Communication and Technology  

The Effects of Natural- and Supernatural-Based Awe Experiences in Virtual Reality

Articles about the recent total solar eclipse appeared around the world using the language of awe – “awe-inspiring,” “awe-struck,” “total awe.” People talked about what a deeply profound experience it was for them, that sense of awe where you realize both how small your life is and how immense the world is, and you are left with a sense of calm and gratitude.

Yu-Hao Lee, Media, Production, Management, and Technology associate professor at the University of Florida College of Journalism and Communications, and colleagues at National ChengChi University in Taiwan, wanted to explore how experiencing the transcendental state of awe can make us better humans – socially, psychologically and spiritually – and that both natural awe – such as an eclipse or dizzying waterfall – and supernatural awe – constructions of boundless environments and experiences – can be achieved through virtual reality (VR).

The researchers studied 125 volunteers using VR headsets in Taiwan. The participants were randomly assigned to one of three conditions: a control group viewing a VR concert video; a natural-awe group experiencing a view of Earth from space; and a supernatural-awe group immersed in a virtual concert featuring a giant avatar of the artist Travis Scott performing in various fantastical environments.

They sought to compare the effects of supernatural awe, natural awe and a control condition on participants’ sense of vastness, need for accommodation (adjusting one’s mental frameworks to understand experiences), self-improvement intentions and prosocial intentions.

Interestingly, both supernatural and natural awe left participants feeling a similar sense of vastness – that humbling realization of one’s own smallness in the grand scheme of things. But contrary to expectations, supernatural awe didn’t evoke a significantly stronger need for accommodation than its natural counterpart or the control condition.

The VR experiences also stirred up some intriguing emotional responses. Supernatural awe had participants on the edge of their seats, eliciting enjoyment, arousal and suspense. Natural awe, on the other hand, left them with a deeper sense of appreciation and warmth. These findings hint at the unique flavors of awe that VR can provide.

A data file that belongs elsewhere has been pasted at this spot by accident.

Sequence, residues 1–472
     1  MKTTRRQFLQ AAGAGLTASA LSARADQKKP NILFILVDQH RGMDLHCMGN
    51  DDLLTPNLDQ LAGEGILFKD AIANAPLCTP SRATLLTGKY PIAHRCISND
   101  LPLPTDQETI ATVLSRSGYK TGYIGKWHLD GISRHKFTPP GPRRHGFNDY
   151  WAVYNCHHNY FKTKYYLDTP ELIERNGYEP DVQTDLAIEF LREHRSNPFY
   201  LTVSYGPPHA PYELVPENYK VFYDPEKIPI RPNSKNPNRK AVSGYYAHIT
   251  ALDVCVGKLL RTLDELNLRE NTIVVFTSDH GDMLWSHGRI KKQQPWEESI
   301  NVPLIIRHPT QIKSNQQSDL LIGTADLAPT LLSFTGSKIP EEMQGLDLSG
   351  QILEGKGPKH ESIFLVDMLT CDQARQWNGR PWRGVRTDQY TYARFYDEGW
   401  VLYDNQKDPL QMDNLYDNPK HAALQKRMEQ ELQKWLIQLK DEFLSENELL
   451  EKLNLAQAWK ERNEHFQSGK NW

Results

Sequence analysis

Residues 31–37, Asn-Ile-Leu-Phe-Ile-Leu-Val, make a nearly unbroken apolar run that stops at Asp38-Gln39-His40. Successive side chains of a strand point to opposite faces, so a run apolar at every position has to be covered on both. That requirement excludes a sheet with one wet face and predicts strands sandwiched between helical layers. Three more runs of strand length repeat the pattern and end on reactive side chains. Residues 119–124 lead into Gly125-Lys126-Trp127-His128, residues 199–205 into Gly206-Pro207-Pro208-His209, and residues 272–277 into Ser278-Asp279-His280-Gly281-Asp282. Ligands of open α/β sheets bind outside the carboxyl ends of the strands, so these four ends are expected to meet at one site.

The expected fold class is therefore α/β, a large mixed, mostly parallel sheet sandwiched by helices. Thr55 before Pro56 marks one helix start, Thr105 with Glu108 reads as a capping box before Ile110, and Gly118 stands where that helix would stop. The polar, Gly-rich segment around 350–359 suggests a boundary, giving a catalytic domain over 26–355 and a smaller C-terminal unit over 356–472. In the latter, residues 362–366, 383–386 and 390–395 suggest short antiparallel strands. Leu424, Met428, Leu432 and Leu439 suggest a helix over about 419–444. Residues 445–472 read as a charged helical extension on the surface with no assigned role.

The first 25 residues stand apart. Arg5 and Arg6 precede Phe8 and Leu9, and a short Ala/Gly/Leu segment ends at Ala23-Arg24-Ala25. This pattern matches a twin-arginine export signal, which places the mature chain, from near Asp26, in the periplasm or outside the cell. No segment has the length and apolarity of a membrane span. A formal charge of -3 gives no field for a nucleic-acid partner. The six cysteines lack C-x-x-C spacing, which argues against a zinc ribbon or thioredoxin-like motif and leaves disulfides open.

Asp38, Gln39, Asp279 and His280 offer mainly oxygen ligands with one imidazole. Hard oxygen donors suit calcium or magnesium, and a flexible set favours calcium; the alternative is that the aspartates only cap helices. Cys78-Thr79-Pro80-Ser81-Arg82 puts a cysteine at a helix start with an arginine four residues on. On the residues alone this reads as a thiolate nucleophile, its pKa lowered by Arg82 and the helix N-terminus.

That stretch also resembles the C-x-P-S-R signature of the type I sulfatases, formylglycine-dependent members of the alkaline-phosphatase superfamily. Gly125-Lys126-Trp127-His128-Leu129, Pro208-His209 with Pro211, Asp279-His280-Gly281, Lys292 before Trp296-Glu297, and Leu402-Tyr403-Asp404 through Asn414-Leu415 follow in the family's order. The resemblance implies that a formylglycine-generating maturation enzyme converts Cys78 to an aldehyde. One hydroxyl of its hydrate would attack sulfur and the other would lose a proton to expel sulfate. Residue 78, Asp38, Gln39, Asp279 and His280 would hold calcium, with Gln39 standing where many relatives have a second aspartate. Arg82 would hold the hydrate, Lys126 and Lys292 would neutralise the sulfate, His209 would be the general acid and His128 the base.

The research has important theoretical and practical implications. It demonstrates the potential of VR-induced awe experiences as an effective tool for motivating positive outcomes such as prosocial behavior and self-improvement. The study also extends the understanding of awe’s benefits, suggesting that self-improvement is another significant outcome alongside the well-established prosocial effects.

From a practical perspective, the findings open possibilities for therapeutic and self-help applications. VR-induced awe, whether supernatural or natural, could be employed in mindfulness training, personal growth programs or even in addressing mental health issues. The ability to create awe-inspiring experiences in VR offers a promising avenue for fostering well-being and personal development.

As VR technology continues to advance, the opportunities for crafting immersive and transformative experiences that elicit awe will only expand. This study underscores the importance of exploring the potential of supernatural awe in VR and its impact on individuals and society. Future research should further investigate the long-term effects of VR-induced awe and its applications across various domains.

The original paper, “Helping others and improving myself: The effects of natural- and supernatural-based awe in virtual reality,” was published in Computers in Human Behavior, volume 156, July 2024.

Authors: Jih-Hsuan (Tammy) ,Lin, Yu-Hao Lee, Ji-Wei Yang and Christine Cook.

This summary was written by Gigi Marino.

Posted: April 30, 2024
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